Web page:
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Following HHS Final Rule, Researchers Face Changes to Conflict-of-Interest Reporting Rules in 2012

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National Institutes of Health-funded researchers will face more rigorous rules for reporting potential conflicts of interest beginning in August 2012, as a result of the US Department of Health and Human Service's recently issued final rule on the subject.

While HHS has maintained the general framework of its 1995 conflict-of-interest regulations, notable changes reflect its commitment to providing "greater transparency and accountability," NIH's Sally Rockey noted at her Office of Extramural Research blog.

Among changes made to its 1995 regulations, the department amended what it considers "significant financial interests" — which now include all of the investigator's institutional responsibilities, rather than only those deemed related to the federally funded work — as well as the threshold for their disclosure — $5,000 instead of $10,000.
In addition, the August 2011 final rule requires researchers to complete conflict-of-interest training prior to engaging in public health service-funded research and at least every four years thereafter. They must also make certain conflict-of-interest information available to anyone who requests it within five days.

"The NIH is committed to safeguarding the public's trust in federally supported research that is conducted with the highest scientific and ethical standards," NIH Director Francis Collins said in a statement. "Strengthening key provisions of the regulations with added transparency will send a clear message that NIH is committed to promoting objectivity in the research it funds."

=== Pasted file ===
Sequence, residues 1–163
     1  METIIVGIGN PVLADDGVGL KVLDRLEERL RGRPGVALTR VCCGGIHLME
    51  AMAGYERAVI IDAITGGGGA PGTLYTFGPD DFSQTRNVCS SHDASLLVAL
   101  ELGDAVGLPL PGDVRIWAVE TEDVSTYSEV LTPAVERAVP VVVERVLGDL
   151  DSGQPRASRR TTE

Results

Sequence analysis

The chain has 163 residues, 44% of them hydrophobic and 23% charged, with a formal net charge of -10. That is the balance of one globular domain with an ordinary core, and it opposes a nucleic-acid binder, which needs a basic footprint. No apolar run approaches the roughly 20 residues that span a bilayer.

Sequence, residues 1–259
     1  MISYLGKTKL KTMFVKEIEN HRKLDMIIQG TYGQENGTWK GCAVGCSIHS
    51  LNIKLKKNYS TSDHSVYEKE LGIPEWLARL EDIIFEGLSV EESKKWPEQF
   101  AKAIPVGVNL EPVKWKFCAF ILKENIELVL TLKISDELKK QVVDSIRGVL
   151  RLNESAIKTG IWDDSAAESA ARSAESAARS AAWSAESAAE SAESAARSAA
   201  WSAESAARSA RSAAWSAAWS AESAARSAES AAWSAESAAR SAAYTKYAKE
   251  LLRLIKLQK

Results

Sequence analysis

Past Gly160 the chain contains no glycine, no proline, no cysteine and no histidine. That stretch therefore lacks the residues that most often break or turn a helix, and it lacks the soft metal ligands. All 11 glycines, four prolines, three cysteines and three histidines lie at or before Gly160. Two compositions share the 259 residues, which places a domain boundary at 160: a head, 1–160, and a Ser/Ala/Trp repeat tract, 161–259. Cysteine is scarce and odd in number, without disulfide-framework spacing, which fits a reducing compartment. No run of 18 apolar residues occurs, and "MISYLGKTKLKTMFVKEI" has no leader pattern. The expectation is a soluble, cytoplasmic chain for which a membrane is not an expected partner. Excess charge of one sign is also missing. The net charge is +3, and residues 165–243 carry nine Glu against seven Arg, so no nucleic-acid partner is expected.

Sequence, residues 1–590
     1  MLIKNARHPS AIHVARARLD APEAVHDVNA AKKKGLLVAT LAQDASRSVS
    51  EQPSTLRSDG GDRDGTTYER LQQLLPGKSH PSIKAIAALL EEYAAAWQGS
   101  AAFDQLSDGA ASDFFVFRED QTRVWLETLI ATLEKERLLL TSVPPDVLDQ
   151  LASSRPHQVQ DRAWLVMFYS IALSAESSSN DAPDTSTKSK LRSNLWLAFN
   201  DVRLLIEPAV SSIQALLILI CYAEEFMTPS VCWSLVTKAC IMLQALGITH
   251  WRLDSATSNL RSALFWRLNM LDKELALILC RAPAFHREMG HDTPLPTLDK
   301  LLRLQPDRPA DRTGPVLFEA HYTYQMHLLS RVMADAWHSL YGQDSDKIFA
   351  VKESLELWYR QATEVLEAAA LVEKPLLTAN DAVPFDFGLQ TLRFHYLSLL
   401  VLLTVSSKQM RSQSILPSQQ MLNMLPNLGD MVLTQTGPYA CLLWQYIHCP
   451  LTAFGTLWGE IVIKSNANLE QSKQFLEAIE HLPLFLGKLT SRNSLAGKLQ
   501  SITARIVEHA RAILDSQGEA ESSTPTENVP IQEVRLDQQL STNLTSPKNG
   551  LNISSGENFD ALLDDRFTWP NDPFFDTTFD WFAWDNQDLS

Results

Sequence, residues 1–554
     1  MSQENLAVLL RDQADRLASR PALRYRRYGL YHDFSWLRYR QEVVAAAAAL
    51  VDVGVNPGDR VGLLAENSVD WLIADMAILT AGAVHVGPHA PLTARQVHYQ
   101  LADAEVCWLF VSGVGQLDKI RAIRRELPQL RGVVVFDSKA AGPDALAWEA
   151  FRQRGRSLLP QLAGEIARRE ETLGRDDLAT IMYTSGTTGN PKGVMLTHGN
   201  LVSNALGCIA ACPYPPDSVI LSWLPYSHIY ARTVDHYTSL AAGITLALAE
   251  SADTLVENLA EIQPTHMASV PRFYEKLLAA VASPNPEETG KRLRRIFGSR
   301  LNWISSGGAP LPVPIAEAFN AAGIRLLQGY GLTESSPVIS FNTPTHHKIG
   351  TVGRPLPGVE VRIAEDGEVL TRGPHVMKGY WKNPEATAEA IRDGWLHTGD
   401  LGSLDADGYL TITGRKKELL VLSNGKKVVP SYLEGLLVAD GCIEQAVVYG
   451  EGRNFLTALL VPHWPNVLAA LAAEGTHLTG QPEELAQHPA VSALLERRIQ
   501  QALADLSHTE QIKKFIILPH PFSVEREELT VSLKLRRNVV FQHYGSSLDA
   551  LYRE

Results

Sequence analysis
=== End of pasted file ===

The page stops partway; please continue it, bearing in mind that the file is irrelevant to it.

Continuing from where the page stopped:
Hamilton Moses III, chairman of the Virginia-based Alerion Institute and adjunct professor of neurology at Johns Hopkins School of Medicine, says he doesn't expect these conflict-of-interest changes will affect biomedical research substantially.

"I think the changes are minimal, and [it's] very likely the change in the disclosure threshold — and most of the others — will have very little effect on interactions between researchers and companies," Moses says. "It's possible that others would draw different conclusions, but as I read them, the changes are so minimal — the difference between $5,000 and $10,000 is not great — that the need to have the ties disclosed, the need for the institutions to redisclose them to others, those are all fairly straightforward."

If anything, Moses says the changes could have an impact on clinical research. "I don't think the changes that have been propagated are going to affect basic research very much," he says. But since the final rule changes "don't address clinical research explicitly, they leave open what is to be expected of the clinical researcher."

Overall, "the most vulnerable area is in the space between ... basic research and clinical research," Moses says. It is early-stage translational research, he adds, that "is a very gray area."

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